2. My poetry challenge 31X31 is in progress.  Thus far, I have 13x31.  I'm two ahead in the daily count.  Will post my titles at midpoint and at end.  One poem  has tortured me.  I can't believe the amount of revision it has gone through.

3.  Went to an exceptional Genesee Reading Series at Writers & Books last night, featuring  poets,Carol McMahon and David Jolkovski.

Here are their Bio Notes:

Carol McMahon was born in Syracuse, and, while in second grade there, wrote one of her first poems, My Dog Chip. She enjoyed creative writing classes in high school, but studied Theatre Arts and Education in college. She has introduced young people to poetry through teaching at Writers and Books and as a middle school English and Social Studies teacher in the Williamson Central School District. Her work has been published in HazMat Literary Review, Lake Affect Magazine, and Blue Collar Review. A chapbook, On Any Given Day, was published by FootHills Publishing. Carol has three children.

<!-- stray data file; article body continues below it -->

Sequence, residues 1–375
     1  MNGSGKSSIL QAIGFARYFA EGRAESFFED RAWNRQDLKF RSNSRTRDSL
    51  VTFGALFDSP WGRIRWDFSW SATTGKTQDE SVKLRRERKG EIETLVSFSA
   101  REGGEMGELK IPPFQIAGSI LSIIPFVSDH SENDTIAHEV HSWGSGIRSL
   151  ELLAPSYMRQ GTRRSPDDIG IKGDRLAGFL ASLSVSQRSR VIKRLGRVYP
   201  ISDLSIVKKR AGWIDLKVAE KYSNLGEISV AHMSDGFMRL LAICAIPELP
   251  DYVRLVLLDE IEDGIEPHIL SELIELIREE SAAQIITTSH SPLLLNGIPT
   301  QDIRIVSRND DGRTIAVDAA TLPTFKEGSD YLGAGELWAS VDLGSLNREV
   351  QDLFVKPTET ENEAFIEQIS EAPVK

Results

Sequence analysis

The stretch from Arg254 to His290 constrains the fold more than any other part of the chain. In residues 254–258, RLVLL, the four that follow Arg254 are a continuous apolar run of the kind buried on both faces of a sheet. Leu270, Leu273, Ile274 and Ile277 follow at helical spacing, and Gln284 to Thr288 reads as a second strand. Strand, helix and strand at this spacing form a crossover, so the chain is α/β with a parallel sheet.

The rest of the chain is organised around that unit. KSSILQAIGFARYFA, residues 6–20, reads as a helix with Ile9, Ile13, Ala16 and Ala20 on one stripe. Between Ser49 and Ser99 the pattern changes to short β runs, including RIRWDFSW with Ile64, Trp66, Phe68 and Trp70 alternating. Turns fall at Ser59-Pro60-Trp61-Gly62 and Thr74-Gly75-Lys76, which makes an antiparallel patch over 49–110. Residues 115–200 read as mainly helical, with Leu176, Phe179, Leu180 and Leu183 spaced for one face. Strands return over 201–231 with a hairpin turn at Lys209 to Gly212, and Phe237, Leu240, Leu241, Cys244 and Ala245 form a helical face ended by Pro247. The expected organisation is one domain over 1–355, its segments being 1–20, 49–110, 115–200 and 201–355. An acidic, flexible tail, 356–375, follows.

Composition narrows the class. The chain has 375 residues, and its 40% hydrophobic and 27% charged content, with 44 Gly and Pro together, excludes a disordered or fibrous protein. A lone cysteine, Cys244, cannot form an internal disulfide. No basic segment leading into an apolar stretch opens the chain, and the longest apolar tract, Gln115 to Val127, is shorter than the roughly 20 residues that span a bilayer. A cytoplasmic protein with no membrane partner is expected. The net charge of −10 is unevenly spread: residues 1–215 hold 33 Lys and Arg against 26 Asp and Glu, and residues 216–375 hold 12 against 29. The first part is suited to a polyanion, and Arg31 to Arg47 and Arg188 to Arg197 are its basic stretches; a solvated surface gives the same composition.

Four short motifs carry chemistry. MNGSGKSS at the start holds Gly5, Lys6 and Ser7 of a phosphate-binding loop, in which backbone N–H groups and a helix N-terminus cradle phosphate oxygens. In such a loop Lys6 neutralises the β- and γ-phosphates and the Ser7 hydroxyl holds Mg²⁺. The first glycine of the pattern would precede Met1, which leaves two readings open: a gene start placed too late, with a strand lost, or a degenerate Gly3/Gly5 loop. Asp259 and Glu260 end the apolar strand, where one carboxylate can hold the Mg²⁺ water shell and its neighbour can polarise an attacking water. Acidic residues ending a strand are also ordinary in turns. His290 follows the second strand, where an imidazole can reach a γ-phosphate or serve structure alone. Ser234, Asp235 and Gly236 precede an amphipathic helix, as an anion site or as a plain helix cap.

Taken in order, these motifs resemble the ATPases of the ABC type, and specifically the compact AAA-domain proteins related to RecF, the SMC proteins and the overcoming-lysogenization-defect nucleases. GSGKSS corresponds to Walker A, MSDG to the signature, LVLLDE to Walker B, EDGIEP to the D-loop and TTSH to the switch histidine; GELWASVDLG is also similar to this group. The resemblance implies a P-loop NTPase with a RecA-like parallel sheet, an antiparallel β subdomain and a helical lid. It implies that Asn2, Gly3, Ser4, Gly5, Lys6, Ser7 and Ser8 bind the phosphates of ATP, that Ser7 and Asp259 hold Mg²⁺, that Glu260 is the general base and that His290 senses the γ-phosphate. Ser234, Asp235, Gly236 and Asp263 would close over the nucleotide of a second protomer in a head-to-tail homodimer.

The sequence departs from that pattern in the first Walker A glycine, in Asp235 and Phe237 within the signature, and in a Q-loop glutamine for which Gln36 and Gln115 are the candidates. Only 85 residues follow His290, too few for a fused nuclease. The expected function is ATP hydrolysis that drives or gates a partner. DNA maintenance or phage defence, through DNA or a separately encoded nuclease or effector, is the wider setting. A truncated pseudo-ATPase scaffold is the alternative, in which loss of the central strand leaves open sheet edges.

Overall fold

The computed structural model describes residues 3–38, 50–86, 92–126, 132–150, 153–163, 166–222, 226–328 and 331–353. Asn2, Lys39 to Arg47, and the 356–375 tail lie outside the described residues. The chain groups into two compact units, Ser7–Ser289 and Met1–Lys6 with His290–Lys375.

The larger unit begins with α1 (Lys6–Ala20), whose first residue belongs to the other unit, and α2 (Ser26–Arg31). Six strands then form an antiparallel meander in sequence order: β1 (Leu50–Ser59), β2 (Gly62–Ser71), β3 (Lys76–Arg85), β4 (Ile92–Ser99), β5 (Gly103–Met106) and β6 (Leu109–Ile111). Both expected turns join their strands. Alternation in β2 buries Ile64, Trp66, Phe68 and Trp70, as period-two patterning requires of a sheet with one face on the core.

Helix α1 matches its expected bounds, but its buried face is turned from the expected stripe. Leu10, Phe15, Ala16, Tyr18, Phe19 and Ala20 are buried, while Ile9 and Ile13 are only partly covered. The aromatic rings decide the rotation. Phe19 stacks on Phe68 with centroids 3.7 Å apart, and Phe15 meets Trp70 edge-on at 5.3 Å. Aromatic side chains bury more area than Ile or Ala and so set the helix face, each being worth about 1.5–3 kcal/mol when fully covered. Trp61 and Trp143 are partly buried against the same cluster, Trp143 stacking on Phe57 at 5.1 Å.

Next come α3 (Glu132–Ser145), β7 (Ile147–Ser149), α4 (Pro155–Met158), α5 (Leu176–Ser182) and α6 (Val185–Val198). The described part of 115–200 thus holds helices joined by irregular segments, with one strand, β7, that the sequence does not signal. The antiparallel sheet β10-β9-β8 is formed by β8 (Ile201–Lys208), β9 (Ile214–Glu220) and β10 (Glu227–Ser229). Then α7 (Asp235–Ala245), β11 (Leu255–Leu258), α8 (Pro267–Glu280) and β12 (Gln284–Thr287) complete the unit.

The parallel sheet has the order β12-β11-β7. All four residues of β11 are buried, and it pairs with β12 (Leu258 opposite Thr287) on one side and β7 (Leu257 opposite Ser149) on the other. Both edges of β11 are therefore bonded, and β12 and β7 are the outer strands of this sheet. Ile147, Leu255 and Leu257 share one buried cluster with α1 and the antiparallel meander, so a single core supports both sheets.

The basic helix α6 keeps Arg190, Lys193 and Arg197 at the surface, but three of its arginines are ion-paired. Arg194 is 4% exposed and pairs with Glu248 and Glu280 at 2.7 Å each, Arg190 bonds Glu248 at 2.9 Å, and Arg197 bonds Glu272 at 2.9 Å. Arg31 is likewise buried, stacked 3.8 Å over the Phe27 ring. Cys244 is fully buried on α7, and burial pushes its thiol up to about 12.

David Jolkovski was born in the Bronx during the Depression; he received his BA from Columbia College in 1954. He and Marie, his wife of 59 years, have three grown children and two grandsons. In the 1950s David served his compulsory two years in the Army, six months of which were spent in Salzburg, Austria, where Marie joined him. During the 1960s the whole family moved to the Netherlands for three years; David managed sales training and promotion for an international firm. They returned to the US in 1972. David established a small firm to sell self-adhesive materials. He retired in 2002. His poems have appeared in Upcountry; Desperate Act; Fan, a Baseball Literary Magazine; Gleam; HazMat Literary Review; and ByLine.

Driving home, I thought about the reading a lot.  (note: I have a 45 minute drive to nearly anywhere, so I've got plenty of time to think.)  I realized that poets spend so much time arranging their words that it becomes
their lives, and last night I heard two very different voices, but both delivered a sequence of poems that were
views of their  past- present- future.  David in his 'bits of frosting' between each poem said the most illuminating thought on writing, that is this (paraphrased, of course):  Everything in the poem has happened, fiction or not, it occurred in one's mind, and here it is.  So true, especially now that I'm immersed in so much writing. Carol read several poems that broke my heart.  One about holding her mother's hand, which took me back to the first time I heard the poem. A time close to my Mom's passing and I was trying to make sense of the loss. (Still am). They had a terrific crowd.